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Robinson inspires others to fight

Mother of two diagnosed three times with breast cancer

Photo by Pouya Dianat/Atlanta Braves/Getty Images
Diamond of Hope Award winner Jamie Robinson is shown with her family and Atlanta Braves pitcher, Tim Hudson. Breast cancer survivors and their families participated in a ceremony before the game against the New York Mets at Turner Field on Sept. 18.

Photo by Pouya Dianat/Atlanta Braves/Getty Images Diamond of Hope Award winner Jamie Robinson is shown with her family and Atlanta Braves pitcher, Tim Hudson. Breast cancer survivors and their families participated in a ceremony before the game against the New York Mets at Turner Field on Sept. 18.

Jamie Robinson is the recipient of the Diamond of Hope Award, given to her during the 2011 Atlanta Braves Breast Cancer Awareness Day on Sept. 18. The award recognizes caregivers who have made an impact on the lives of breast cancer survivors.

The McDonough mother of two serves as an outreach mentor to newly diagnosed patients, and steers them to support programs that are offered in the community.

Robinson said she was appreciative of the recognition, acknowledging her own survival of three bouts with breast cancer. She said she was nominated by Susan Timbert, a registered nurse with Southern Crescent Breast Specialists. This summer, the practice named Robinson “Ms. Face of Hope.”

Robinson, 39, said she was diagnosed three times with breast cancer, and was first diagnosed on March 10, 2006.

She said she discovered a lump during a breast self-exam on a Tuesday evening, after having dinner with her family and winding down for the night.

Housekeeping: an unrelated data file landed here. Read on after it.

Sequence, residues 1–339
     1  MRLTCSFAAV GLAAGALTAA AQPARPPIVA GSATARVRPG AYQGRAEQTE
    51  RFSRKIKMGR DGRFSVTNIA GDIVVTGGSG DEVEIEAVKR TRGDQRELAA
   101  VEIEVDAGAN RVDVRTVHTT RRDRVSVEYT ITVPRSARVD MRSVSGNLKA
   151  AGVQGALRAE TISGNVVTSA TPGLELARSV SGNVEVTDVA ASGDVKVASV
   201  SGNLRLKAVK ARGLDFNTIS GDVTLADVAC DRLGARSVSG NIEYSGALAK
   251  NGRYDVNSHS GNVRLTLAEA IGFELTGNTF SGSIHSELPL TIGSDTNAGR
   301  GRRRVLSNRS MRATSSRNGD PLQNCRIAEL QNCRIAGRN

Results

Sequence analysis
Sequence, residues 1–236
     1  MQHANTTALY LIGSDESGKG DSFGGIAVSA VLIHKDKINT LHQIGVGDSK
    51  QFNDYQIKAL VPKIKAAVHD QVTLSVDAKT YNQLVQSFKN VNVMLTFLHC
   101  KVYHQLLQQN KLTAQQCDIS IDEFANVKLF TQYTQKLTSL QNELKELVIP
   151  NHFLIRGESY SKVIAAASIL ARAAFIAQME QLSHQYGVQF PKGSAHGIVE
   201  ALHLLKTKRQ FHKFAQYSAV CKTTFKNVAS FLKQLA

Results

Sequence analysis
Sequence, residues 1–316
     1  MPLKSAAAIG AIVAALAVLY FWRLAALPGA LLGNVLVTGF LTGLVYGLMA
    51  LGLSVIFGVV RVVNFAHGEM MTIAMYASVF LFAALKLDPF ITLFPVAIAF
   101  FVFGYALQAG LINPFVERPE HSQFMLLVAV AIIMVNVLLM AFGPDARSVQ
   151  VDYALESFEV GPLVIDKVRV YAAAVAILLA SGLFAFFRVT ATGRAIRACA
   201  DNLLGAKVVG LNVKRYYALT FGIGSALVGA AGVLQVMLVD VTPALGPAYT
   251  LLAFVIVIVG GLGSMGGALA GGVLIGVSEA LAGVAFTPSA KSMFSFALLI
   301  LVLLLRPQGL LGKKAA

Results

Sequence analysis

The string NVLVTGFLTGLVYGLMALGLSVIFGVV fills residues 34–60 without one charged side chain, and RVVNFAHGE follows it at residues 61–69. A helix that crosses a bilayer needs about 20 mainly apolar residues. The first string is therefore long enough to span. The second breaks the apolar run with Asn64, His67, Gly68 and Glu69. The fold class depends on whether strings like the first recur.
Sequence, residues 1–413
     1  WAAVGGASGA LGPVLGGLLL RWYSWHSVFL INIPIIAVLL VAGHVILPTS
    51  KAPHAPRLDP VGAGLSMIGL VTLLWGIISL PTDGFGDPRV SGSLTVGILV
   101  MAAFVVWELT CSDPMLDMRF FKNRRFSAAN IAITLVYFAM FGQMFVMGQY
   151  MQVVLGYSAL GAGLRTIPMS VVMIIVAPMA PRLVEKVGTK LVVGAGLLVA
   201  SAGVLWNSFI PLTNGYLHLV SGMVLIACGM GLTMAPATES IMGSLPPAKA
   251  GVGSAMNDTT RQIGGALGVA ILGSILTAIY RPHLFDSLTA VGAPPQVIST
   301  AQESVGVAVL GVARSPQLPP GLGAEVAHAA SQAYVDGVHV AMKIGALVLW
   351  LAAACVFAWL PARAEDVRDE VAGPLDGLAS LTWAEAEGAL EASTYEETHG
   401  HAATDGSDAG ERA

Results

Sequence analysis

“I never really did it routinely, up until that point,” said Robinson. “I had a sick sort of feeling, almost like a pit in my stomach. I just fell to my knees in prayer. I felt like I was in a fog. ‘I’m only 34 years old, this cannot be happening to me. I’m married, and I have two small children.’ I felt like I had been blind-sided by the news.”

Robinson said her husband of 12 years, K.C. Robinson, was the first person she told. The couple later told their two children, Cole, 6, and Reed, 3, once they learned the official diagnosis. Her sons are now 11 and 8.

“We sat them down on the couch,” she recalled. “We told them that mommy has cancer, but God was going to take care of mommy, and our family. My children have done very well with all three diagnoses of my cancer. We pray together as a family, and we look to God for our health and our healing.”

For the first bout with breast cancer, Jamie Robinson had a single mastectomy and underwent chemotherapy.

“My thought process was that I was OK with the mastectomy,” she said. “Whatever they wanted to remove from my body, I was OK with it.”

She survived the cancer, but was diagnosed again on June 16, 2009.

“I was scared of a recurrence,” she said. “I had a mindset of, ‘If or when the cancer reoccurs, it’s going to be worse than the first diagnosis.’ I was very pleased when I learned that it was a local recurrence.”

With her third diagnosis coming later that year, on Sept. 22, 2009, Robinson held up against several rounds of chemotherapy, multiple surgeries, and 33 radiation treatments to rid her body of cancer.

“It definitely makes you more thankful to God for his blessings,” she said. “You see life in a different way. You appreciate each moment, and you’re more appreciative of the small things, like seeing a rainbow, or the kiss of your child.”

The mother continues to get routine follow-ups and physical checkups concerning her breast cancer. She said she hopes her ordeal with cancer will inspire others to be proactive and not feel alone.

“I would advise them to stay strong,” she said. “They should believe in themselves, and believe in their doctor. Be their own advocate for their health. Believe in the power of prayer. Lean on others for support. Allow your family and friends to surround you with support, and care for you.

“God is my ultimate healer,” she added. “God can show us that with every trial, he’s there, and he can carry us through.”